Marlon Brando & Miiko Taka; “Sayonara” 1957
Humphrey Bogart & Philip Ahn; “Across the Pacific” 1942
Amy Way Wong with Dachshund
Anna May Wong (nee Wong Liu Tsong) was born January 3, 1905 in Los Angeles' Chinatown on Flower Street to second generation parents who ran a laundry. As a nine-year-old girl, she begged filmmakers for parts as they shot around downtown and was dubbed “CCC” (Curious Chinese Child). After she was cast in several films, she received top billing in The Toll of the Sea (the first film shot entirely in two-strip Technicolor process) and thereby became the first Chinese American movie star (and the first internationally known Asian American movie star). However, frustrated with the roles Hollywood offered Chinese Americans, she moved to Europe in 1928, where she was warmly received by critics. After making several films abroad, Paramount offered her a contract and the promise of lead roles. She returned to the US in 1930, first appearing on Broadway in On the Spot. She continued working onstage and in Europe, still frustrated by Hollywood, especially after being denied a role in The Son-Daughter for being “too Chinese to play a Chinese.” Although she continued to accept stereotypical roles, she was outspoken in the press about the need for positive portrayals of Chinese characters. Her last two starring roles were in the Poverty Row anti-Japanese propaganda films, Bombs Over Burma and The Lady from Chungking, before she began accepting occasional roles on TV programs, including one written created especially for her, The Gallery of Madame Liu-Tsong, the first television steries with an Asian American star. She died in Santa Monica, California on February 2, 1961.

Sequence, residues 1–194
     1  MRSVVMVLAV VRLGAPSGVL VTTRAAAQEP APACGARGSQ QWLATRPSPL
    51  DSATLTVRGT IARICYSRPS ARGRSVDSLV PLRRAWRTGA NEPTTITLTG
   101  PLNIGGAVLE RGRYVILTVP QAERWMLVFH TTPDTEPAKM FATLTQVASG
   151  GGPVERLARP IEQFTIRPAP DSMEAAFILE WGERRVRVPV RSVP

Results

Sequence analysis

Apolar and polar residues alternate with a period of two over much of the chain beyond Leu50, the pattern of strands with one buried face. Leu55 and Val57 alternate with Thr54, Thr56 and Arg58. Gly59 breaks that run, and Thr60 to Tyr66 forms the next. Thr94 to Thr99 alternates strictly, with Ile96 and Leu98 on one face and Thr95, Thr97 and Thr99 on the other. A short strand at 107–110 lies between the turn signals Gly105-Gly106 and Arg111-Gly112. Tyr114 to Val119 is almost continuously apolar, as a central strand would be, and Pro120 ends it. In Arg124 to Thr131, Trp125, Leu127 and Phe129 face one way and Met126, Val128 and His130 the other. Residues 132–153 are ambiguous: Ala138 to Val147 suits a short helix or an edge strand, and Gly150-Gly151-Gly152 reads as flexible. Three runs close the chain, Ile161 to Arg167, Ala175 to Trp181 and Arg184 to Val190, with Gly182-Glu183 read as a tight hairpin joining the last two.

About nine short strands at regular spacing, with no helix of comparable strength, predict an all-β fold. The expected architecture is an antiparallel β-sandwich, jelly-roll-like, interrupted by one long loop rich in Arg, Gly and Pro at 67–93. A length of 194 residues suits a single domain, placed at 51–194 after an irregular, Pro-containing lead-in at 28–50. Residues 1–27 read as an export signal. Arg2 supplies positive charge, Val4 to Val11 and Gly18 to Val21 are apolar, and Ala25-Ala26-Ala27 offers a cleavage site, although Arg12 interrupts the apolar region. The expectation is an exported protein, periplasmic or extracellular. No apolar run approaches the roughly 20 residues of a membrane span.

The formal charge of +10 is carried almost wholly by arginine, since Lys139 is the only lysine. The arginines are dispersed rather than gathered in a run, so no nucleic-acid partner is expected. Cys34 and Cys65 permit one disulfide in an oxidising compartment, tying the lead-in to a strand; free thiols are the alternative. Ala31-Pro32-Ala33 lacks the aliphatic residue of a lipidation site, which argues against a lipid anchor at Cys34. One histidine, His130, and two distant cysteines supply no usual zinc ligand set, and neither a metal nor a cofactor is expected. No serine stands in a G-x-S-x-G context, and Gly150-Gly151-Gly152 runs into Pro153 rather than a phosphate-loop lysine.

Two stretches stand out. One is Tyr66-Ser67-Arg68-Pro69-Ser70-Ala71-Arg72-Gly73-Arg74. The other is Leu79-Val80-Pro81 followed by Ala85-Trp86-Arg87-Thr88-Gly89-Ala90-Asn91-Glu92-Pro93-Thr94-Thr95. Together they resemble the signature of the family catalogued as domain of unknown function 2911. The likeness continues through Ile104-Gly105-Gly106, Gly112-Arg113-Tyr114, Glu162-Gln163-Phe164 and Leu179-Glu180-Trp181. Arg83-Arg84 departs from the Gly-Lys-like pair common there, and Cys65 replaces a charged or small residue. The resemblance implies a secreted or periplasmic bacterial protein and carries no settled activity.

Etta Lee was born September 12, 1906 on Maui, Kingdom of Hawaii. She acted in fourteen films, playing both maids and slaves several times. She died October 27, 1956 in Eureka, California.